Blog Posts for May 2012 Blog Salon 2

Multiple Interpretations & Approaches to Public Art Evaluation

Posted by Liesel Fenner, May 18, 2012 0 comments

Liesel Fenner

A ‘lucky 13’ total number of public art blog posts were published this week from public art administrators, artists, designers, educators, and students.

Thank you to everyone in the Public Art Network (PAN) community for contributing and sharing the posts with your networks. Let us know your thoughts on the Blog Salon (you can view all 13 posts with this link) and future public art topics that you would like to see discussed through blog posts, webinars, and other information resources.

A cogent comment by Barbara Goldstein asked “does it work?” and emphatically stated, “It would be virtually impossible to measure whether one work of art has an economic impact in a specific place.” When public art administrators are asked for public art economic impact studies from elected officials, city commissions, and constituents it is incumbent on the public art program to look more deeply at how the artworks work within the larger urban and cultural context.

As Goldstein proposed, “questions that can be asked are more subtle—what makes a specific place memorable? Can you describe what you experience there and how it makes you feel? What do you think when you see a particular artwork? Does it improve your experience of this place?”

Studies are tackling the challenging approach of how to cull one’s personal experience of place, as Penny Balkin Bach introduced us to The Knight Foundation and Gallup Corporation’s Soul of the Community study that states, “community attachment creates an emotional connection to place.” The study determined that the key drivers of attachment are social offerings, openness, and the aesthetics of place—all attributes of public art.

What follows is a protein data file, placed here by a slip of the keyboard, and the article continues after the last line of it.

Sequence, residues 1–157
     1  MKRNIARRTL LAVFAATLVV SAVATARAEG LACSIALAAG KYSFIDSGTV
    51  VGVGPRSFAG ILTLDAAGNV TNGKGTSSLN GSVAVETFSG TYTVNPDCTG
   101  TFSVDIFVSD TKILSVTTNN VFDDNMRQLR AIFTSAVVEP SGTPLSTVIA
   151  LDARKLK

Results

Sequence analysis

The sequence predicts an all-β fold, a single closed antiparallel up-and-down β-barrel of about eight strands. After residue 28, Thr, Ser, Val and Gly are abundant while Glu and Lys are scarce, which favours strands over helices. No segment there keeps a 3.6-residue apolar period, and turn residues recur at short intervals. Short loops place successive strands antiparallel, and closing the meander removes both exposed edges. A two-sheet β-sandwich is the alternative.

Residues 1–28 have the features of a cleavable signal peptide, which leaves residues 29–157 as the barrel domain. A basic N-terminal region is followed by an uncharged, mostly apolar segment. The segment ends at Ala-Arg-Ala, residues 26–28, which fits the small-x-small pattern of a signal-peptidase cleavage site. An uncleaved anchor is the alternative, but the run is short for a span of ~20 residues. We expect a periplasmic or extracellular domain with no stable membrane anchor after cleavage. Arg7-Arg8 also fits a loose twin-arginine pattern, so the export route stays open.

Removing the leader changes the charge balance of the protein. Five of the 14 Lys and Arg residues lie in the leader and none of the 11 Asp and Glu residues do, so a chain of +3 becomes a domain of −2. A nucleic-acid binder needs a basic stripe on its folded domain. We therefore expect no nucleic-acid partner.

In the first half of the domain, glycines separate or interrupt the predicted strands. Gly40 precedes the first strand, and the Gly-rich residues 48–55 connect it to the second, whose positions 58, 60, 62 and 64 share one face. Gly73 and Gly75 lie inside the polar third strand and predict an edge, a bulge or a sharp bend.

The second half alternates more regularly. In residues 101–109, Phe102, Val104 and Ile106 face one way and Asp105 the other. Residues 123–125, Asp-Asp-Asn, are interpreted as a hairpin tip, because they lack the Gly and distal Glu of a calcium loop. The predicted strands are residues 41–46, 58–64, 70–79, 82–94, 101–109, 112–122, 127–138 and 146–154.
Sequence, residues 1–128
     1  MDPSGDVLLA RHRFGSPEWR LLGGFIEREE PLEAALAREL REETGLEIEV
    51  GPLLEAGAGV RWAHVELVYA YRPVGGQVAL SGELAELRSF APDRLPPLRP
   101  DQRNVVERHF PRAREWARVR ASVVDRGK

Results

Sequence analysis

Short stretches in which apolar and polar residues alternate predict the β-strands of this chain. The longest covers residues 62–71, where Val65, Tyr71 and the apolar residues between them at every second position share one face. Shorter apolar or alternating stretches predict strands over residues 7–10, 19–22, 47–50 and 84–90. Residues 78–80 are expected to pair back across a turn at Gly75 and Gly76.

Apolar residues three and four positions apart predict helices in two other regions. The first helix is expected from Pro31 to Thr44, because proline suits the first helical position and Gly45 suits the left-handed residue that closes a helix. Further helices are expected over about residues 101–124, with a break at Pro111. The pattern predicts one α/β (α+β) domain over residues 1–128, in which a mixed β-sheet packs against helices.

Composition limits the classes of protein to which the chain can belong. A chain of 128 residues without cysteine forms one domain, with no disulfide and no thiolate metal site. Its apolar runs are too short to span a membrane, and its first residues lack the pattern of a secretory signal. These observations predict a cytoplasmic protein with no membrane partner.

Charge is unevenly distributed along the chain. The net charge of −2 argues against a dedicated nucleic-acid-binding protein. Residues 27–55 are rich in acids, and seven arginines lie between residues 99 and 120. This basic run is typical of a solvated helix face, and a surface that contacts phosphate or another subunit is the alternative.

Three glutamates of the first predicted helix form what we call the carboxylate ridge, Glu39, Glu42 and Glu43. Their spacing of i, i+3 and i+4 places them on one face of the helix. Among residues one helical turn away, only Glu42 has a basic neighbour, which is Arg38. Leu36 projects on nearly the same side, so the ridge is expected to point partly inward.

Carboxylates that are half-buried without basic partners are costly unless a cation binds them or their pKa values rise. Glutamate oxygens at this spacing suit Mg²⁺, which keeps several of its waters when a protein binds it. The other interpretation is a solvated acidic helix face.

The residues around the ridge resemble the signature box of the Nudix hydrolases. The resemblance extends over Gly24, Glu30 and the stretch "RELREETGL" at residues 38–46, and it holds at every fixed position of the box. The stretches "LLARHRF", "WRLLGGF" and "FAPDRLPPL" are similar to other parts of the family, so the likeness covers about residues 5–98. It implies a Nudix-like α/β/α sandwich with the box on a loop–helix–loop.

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Talking Points: Public Art and the Challenge of Evaluation

Posted by Katherine Gressel, May 17, 2012 2 comments

Katherine Gressel

The Challenge of Evaluation

In the Fall/Winter 2011 issue of Public Art Review, Jack Becker writes, “There is a dearth of research efforts focusing on public art and its impact. The evidence is mostly anecdotal. Some attempts have focused specifically on economic impact, but this doesn’t tell the whole story, or even the most important stories.”

Becker’s statement gets at some of the main challenges in measuring the impact of a work of public art—a task which more often than not provokes grumbling from public art administrators. Unlike museums or performance spaces, public art traditionally doesn’t sell tickets, or attract “audiences” who can easily be counted, surveyed, or educated.

A public artwork’s role in economic revitalization is difficult to separate from that of its overall surroundings. And as Becker suggests, economic indicators of success may leave out important factors like the intrinsic benefits of experiencing art in one’s everyday life.

However, public art administrators generally agree that some type of evaluation is key in not only making a case for support from funders, but in building a successful program.

Is there a reliable framework that can be the basis of all good public art evaluation? And what are some simple yet effective evaluation methods that most organizations can implement?

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Public Art Evaluation: An Ongoing Process

Posted by Alison Spain, May 17, 2012 0 comments

"Wave Arbor" by Doug Hollis at Long Bridge Park in Arlington, VA.

(Author's Note: This post builds upon prior pieces by Dr. Elizabeth Morton and Angela Adams.)

I enrolled in Dr. Morton’s Exploring Evaluation for Public Art studio as a way to complement my experience as a working artist-art educator with a limited sense of the planning and evaluation process for public art. Over the course of the studio I came to see evaluation not as a zero sum game meant to occur after installation, but rather as an ongoing series of assessments conducted by and for major stakeholders, including, but not limited to, the intended audience.

While public art evaluation clearly includes examining the perceptions of the general public, it must also examine the processes and decisions that influence, direct, and ultimately, commission, new works.